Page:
The aim of this part of the page is to help with Optimization of the SETI client software to enable our members to become more competitive.
There are countless sites offering information on SETI client optimization. The official SETI site offers a lot of useful information as well. The ultimate resource on SETI@home is the SETI@home FAQ.
SETI@home GUI program
While the following is rather beaten to death by now :) it definitely bears repeating: if for some reason you cannot process SETI@home 24 hours a day, or if your computer is insufficient in power for concurrent operation with your regular productivity software (or has less than 64MB of RAM), then you should run it as screensaver, while setting it to go to blank screen after zero (0) minutes.
Naturally, this is not the best way to propel our glorious team to the top, so if you can afford to, please replace the SETI@home screensaver with any other screensaver (preferably a blank one), and run the GUI version in the background all the time. In the preference settings choose the following settings.
If you have one of the latest Pentiums, you can certainly afford to do this without sustaining much slowdown. For Win95, 98 or WinNT the latest version is currently version 3.03
(adopted from Henry's old IsraAliens page)
Hiding SETI@home clients on computers at work
By Sami Gabizon
The procedure I'm outlining here has been tested and worked on every win95/98 I installed it on. I think it'll work on NT as well, with minor changes, but I strongly recommend testing it for some time on a single computer and then continue to others.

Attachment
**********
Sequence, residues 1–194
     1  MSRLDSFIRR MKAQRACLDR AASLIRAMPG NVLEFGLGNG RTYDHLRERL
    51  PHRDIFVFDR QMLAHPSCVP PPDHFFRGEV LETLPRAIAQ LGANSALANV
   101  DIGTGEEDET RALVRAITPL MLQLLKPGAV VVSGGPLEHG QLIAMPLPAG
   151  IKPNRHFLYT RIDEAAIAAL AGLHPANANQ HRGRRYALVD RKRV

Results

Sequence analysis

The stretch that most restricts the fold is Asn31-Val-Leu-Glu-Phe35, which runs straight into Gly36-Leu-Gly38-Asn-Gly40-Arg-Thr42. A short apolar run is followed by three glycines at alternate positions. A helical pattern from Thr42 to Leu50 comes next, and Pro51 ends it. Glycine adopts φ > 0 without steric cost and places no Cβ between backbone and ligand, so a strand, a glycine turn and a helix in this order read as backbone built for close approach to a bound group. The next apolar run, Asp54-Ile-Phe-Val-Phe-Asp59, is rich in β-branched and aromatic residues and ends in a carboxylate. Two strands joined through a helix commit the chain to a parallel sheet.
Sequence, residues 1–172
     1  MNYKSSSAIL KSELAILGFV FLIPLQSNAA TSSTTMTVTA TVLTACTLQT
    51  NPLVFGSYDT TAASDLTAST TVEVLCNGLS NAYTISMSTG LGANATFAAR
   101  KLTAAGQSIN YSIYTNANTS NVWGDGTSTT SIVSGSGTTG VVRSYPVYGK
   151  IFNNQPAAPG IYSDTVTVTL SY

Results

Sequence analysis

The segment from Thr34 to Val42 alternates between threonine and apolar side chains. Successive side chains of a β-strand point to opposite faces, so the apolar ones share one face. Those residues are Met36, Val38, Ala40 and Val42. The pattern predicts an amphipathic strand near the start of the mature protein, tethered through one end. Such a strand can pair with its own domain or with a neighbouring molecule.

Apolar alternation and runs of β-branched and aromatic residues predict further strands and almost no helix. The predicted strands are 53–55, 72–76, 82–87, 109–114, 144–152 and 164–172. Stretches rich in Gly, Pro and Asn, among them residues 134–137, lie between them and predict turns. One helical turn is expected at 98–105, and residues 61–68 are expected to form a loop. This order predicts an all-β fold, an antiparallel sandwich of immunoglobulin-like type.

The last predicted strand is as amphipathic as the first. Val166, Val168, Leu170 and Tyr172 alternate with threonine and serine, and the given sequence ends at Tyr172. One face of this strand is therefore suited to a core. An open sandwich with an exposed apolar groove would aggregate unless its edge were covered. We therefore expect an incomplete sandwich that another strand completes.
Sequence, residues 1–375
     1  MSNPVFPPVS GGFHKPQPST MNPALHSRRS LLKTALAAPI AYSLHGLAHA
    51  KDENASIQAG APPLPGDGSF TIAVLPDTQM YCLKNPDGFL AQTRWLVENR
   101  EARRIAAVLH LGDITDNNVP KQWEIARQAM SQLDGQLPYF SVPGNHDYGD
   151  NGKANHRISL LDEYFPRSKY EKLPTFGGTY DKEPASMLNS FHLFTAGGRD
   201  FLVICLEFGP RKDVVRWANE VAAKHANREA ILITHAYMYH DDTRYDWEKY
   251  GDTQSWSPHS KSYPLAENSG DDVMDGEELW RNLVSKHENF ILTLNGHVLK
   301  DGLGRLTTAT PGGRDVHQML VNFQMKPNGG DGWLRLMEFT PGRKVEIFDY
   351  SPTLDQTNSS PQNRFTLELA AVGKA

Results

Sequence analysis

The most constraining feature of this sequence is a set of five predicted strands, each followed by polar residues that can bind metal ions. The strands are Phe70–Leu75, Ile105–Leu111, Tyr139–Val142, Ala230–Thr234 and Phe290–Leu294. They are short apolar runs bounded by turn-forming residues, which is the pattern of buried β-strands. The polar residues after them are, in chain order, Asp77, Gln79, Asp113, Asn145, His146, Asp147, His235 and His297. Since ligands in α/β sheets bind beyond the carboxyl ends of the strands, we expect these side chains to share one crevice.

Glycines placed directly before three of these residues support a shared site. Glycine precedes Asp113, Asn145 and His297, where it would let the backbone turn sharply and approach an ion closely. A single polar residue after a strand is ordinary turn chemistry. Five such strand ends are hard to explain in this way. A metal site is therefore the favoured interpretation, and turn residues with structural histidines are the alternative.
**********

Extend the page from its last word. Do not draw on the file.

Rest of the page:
Steps to follow in the first (or test) computer. These steps you do only once because after that you'll only copy the directory with all its contents to the other computers.
1. Create a subdirectory named SHELLSET (or any other unsuspicious name you come up with) under the SYSTEM (or SYSTEM32) directory in the WINDOWS directory. In this subdir (we'll call it setidir from now) the seti client will run.
2. Copy the Seti client to setidir and rename it to shellrun.exe (again - something unsuspicious). This is important because, when the client will be hidden, it will be visible in the running processes list, so choosing an unsuspicious name is crucial in undetction.
3. copy SetiSpy to setidir. I chose to rename it also because i didn't want any program in the computer to start with seti. It is not necessary, but it is a result of experience (someone once found SetiSpy by using find files with seti* and deleted it).
4. From any running client, copy the "state.sah" and the "user_info.sah" files to setidir. "user_info.sah" is necessary for the client to automatically connect to the seti server the first time you'll run it. The "state.sah" file is needed to prevent SetiSpy from displaying an error message about not finding the "state.sah" file. As of version 2.5.1 of SetiSpy, there is an option to ignore the presence of state file on (SetiSpy's) startup. This option is needed because from time to time there is a connection problem that causes the client to stop running after it completed a WU, sent its result file but not been able to get a new WU. This leaves the setidir with no state.sah file and the next time SetiSpy (prior to version 2.5.1) run, an error message is displayed on the screen - which ofcourse exposes the fact that a seti client or something is running on the p.c.
5. Run SetiSpy. Now, because it is the first time SetiSpy is launched a disclaimer window will be shown. Choosing "Agree" will get you to the first page of info on the current WU. This disclaimer is only shown when there is no "setispy.ini" file in the directory in which SetiSpy is run from.